About half of the states allow high school students to enroll in college courses. Last week Minnesota joined the club with legislation powered by a ‘money follows the student’ provision. Students can take courses on the college campus or online. Following is a summary written by our friend Joe Nathan.
At a time when there is great concern about college costs, and despite intense controversy, yesterday Minnesota Governor Mark Daytona and key Republican and Democratic leaders agreed, on a bi-partisan basis to a historic expansion of Minnesota’s Pioneer Post-Secondary Options legislation. Many readers care about college costs, so I thought this might interest you.
Research published earlier in 2012 by the Center for School Change showed PSEO had considerable value to students and families. It has
* Increased communication and collaboration between high schools and colleges
* Encouraged many high schools to offer other forms of Dual Credit
* Been hugely popular with participating students, more than 90% of whom say they would do it again if they had to choose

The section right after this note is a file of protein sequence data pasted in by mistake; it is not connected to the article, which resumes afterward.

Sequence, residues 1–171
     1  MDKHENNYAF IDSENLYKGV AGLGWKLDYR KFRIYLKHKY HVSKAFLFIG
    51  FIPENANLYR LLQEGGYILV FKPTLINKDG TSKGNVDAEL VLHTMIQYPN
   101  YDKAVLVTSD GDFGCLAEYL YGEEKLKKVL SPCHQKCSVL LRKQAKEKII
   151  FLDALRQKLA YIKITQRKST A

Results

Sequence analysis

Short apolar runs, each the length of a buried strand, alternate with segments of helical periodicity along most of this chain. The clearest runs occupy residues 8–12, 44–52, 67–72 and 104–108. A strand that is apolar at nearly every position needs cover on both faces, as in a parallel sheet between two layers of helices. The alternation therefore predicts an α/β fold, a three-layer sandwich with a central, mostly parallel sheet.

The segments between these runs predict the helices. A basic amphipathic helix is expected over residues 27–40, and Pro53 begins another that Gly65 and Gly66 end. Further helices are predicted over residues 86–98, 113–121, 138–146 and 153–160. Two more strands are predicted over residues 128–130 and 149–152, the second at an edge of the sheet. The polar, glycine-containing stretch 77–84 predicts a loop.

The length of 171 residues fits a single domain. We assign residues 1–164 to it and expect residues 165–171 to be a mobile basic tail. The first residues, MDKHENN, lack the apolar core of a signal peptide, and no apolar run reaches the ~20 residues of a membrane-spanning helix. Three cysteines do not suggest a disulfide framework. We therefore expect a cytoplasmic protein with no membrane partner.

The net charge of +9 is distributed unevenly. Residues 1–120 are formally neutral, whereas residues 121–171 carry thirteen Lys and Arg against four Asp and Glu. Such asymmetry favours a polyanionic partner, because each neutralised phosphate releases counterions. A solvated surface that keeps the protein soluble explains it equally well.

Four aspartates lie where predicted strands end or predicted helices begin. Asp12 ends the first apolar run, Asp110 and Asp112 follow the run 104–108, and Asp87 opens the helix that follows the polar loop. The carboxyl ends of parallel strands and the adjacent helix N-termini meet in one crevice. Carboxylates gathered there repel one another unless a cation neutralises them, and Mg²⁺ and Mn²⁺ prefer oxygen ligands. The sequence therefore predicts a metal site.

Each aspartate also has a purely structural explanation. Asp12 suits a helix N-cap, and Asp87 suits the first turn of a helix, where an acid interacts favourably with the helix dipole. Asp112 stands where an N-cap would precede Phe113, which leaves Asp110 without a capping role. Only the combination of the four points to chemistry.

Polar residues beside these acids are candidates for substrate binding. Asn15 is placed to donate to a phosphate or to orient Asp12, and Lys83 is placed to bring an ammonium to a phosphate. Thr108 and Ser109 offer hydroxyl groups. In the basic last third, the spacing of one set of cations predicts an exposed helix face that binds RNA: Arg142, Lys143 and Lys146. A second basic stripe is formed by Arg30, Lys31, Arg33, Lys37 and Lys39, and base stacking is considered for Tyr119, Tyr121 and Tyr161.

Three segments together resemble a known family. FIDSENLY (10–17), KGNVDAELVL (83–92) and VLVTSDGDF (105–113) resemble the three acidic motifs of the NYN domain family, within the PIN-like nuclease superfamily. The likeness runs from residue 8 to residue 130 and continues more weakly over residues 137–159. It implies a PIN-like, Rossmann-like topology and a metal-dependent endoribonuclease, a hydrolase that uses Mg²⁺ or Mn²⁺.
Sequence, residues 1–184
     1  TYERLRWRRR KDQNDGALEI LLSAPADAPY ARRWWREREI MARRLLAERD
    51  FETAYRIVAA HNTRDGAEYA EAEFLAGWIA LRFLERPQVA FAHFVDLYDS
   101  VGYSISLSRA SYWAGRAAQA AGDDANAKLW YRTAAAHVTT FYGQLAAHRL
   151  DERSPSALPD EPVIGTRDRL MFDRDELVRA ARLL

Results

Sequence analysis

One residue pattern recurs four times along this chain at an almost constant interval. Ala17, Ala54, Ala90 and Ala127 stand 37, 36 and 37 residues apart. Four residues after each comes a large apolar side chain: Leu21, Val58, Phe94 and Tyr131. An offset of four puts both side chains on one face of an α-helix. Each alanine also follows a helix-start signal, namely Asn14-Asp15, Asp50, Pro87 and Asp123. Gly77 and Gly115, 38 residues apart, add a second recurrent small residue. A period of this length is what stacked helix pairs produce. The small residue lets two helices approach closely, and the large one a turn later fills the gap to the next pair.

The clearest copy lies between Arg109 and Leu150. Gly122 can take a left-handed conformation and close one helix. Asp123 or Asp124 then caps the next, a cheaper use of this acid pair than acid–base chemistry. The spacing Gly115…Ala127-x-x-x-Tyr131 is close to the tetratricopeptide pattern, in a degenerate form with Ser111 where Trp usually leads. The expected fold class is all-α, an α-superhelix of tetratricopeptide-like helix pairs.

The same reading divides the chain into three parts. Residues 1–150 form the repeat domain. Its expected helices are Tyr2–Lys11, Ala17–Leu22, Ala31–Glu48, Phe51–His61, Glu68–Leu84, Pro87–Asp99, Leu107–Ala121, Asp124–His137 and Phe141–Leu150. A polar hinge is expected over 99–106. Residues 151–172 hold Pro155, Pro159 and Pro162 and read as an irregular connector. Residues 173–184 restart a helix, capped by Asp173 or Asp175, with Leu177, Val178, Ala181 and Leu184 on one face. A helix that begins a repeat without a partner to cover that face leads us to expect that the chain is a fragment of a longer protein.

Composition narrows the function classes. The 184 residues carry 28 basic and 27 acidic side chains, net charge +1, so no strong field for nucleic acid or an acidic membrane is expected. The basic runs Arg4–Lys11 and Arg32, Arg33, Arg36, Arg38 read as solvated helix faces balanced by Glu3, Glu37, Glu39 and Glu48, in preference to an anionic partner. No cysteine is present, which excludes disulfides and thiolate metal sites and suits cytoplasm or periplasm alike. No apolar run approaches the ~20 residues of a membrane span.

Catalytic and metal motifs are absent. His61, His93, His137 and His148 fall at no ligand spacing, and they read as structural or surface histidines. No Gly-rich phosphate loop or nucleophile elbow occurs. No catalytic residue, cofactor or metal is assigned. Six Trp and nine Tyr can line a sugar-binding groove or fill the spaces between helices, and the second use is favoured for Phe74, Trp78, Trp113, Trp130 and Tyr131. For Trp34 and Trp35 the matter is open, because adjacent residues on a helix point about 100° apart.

* Increased the likelihood in some cases that students will not only enter but also graduate from some form of higher ed.
The attached picture shows Paj Ntaub, CSC’s outreach coordinator, speaking at a press conference that the Governor convened. He asked Paj Ntaub, a refugee to the US and a first generation high school and college graduate, to explain the value of Dual (HIgh School/College) Credit courses as part of the press conference. Ms. Lee herself took Dual Credit courses while in high school.
For more, see:
- Early College High School Initiative
- Davidson Institute Dual Enrollment Programs
- Early College Designs
- Launching Early College Districtwide: Pharr-San Juan-Alamo’s “College for All” Strategy
- Hidalgo Early College District Toolkit
- Designing STEM Pathways through Early College: Ohio’s Metro Early College High School